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ARS Home » Plains Area » Sidney, Montana » Northern Plains Agricultural Research Laboratory » Agricultural Systems Research » Research » Publications at this Location » Publication #341383

Research Project: Development of Ecologically-Sound Pest, Water and Soil Management Practices for Northern Great Plains Cropping Systems

Location: Agricultural Systems Research

Title: Cover crop and nitrogen fertilization influence soil carbon and nitrogen under bioenergy sweet sorghum

Author
item Sainju, Upendra
item SINGH, HARI - Fort Valley State University
item SINGH, BHARAT - Fort Valley State University
item WHITEHEAD, WAYNE - Fort Valley State University
item CHILUWAL, ANUJ - Kansas State University
item PAUDEL, RAJESH - Tribhuvan University

Submitted to: Agronomy Journal
Publication Type: Peer Reviewed Journal
Publication Acceptance Date: 12/2/2017
Publication Date: 3/1/2018
Publication URL: http://handle.nal.usda.gov/10113/5922765
Citation: Sainju, U.M., Singh, H.P., Singh, B.P., Whitehead, W.F., Chiluwal, A., Paudel, R. 2018. Cover crop and nitrogen fertilization influence soil carbon and nitrogen under bioenergy sweet sorghum. Agronomy Journal. 110(2):463-471. https://doi.org/10.2134/agronj2017.05.0253 .
DOI: https://doi.org/10.2134/agronj2017.05.0253

Interpretive Summary: Sweet sorghum is a promising bioenergy crop because of its high sugar content and its multiple uses of lignocellulose, starch, and bagasse for ethanol production. Extensive removal of aboveground biomass for bioenergy production, however, can affect soil and environmental quality. Winter cover crops and nitrogen fertilization can provide additional crop residues and carbon and nitrogen inputs that may help to protect soil and environmental quality. The effect of winter cover crops (hairy vetch, rye, hairy vetch/rye mixture, and the control [no cover crop]) and nitrogen fertilization rates (0 and 90 kg N ha-1) were evaluated on soil organic carbon, total nitrogen, ammonium-nitrogen, and nitrate-nitrogen contents at the 0- to 30-cm depth from 2010 to 2014 in the southeastern USA. Cover crop biomass yield and carbon content were greater with vetch/rye than vetch and the control and N content was greater with vetch and vetch/rye than with the control in 2013 and 2014. Soil organic carbon and total nitrogen at 0 to 5 cm were greater with vetch/rye than the control and at 15 to 30 cm were greater with vetch than vetch/rye. At 0 to 5 cm, soil organic carbon increased at 0.55 Mg C ha-1 yr-1 and total nitrogen at 0.06 Mg C ha-1 yr-1, regardless of treatments. At most depths, ammonium-nitrogen content was greater with rye than the control and greater with 0 than 90 kg N ha-1. Nitrate-nitrogen was greater with vetch/rye than rye. Because of greater cover crop carbon and nitrogen inputs, soil organic carbon, total nitrogen, and nitrate-nitrogen contents increased with vetch/rye and vetch alone compared to rye and the control, but ammonium-nitrogen content increased with rye. Soil carbon and nitrogen stocks can be enhanced and nitrogen availability can be optimized by growing hairy vetch alone or a hairy vetch plus rye mixture compared with other cover crops in a bioenergy sweet sorghum croppying system.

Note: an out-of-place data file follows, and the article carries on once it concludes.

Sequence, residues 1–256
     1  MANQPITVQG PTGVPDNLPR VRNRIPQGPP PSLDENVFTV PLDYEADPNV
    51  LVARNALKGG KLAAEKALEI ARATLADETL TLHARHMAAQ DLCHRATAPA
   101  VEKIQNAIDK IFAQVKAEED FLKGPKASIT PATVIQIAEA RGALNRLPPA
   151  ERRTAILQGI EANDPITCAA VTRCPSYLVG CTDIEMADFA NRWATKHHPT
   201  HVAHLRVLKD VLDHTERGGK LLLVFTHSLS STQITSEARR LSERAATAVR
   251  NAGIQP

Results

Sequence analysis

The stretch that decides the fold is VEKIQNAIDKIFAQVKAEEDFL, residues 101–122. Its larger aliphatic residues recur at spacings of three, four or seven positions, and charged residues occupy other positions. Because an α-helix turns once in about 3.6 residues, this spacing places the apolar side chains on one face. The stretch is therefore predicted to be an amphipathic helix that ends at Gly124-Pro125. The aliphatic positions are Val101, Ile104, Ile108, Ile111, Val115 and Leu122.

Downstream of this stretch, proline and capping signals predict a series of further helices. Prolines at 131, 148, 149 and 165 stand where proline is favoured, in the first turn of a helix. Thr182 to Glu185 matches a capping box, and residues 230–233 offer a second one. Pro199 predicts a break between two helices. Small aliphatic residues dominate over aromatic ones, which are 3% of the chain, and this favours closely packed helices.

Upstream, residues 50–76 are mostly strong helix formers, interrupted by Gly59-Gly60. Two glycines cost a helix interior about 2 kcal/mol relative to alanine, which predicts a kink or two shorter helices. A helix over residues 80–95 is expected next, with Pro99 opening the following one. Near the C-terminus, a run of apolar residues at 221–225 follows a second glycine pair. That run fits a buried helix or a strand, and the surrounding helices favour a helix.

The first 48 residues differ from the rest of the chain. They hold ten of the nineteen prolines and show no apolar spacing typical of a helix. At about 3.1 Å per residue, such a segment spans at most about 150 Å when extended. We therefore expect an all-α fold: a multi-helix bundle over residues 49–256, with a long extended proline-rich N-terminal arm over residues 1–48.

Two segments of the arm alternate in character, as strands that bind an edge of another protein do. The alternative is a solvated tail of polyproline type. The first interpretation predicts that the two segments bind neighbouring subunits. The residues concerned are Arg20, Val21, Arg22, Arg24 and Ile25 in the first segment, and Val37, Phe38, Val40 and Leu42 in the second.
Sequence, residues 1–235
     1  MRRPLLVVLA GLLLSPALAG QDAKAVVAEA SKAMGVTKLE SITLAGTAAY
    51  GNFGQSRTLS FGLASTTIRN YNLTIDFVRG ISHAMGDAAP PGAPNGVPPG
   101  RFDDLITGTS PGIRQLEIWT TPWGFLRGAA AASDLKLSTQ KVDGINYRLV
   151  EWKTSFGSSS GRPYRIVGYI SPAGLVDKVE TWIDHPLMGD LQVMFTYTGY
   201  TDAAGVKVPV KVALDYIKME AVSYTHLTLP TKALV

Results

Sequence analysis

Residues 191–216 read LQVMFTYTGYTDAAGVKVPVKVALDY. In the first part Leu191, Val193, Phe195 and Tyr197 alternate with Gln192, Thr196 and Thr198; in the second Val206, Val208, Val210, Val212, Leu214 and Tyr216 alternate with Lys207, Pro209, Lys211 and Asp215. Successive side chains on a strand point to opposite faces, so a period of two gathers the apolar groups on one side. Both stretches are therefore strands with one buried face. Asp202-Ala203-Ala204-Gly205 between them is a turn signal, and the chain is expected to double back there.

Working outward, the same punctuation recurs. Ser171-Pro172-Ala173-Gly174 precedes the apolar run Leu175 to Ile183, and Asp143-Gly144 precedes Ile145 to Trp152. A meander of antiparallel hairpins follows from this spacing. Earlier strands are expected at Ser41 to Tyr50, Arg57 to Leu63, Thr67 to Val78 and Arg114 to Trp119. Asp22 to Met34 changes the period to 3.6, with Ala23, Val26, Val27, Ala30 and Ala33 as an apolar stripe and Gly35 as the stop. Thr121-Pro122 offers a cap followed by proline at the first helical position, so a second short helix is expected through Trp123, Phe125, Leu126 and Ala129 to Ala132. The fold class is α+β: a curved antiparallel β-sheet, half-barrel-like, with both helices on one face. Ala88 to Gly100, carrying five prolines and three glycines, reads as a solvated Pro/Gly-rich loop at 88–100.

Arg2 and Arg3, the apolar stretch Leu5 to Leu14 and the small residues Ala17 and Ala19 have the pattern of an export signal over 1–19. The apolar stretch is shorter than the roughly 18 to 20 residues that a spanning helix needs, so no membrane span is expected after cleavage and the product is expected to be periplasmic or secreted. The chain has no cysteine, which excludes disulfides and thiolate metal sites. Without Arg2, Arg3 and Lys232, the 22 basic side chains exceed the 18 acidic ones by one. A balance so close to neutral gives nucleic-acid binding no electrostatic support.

Technical Abstract: Cover crop and N fertilization may maintain soil C and N levels under sweet sorghum (Sorghum bicolor [L.] Moench) biomass harvested for bioenergy production. The effect of cover crops (hairy vetch [Vicia villosa Roth], rye [Secaele cereale L.], hairy vetch/rye mixture, and the control [no cover crop]) and N fertilization rates (0 and 90 kg N ha-1) were evaluated on soil organic C (SOC), total N (STN), NH4-N, and NO3-N contents at the 0- to 30-cm depth from 2010 to 2014 in the southeastern USA. Cover crop biomass yield and C content were greater with vetch/rye than vetch and the control and N content greater with vetch and vetch/rye than the control in 2013 and 2014. The SOC and STN at 0 to 5 cm were greater with vetch/rye than the control and at 15 to 30 cm were greater with vetch than vetch/rye. At 0 to 5 cm, SOC increased at 0.55 Mg C ha-1 yr-1 and STN at 0.06 Mg C ha-1 yr-1, regardless of treatments. At most depths, NH4-N content was greater with rye than the control and greater with 0 than 90 kg N ha-1, but NO3-N content was greater with vetch/rye than rye. Because of greater cover crop C and N inputs, SOC, STN, and NO3-N contents increased with vetch/rye and vetch than rye and the control, but NH4-N content increased with rye. Soil C and N stocks can be enhanced and N availability can be optimized by growing hairy vetch and rye mixture.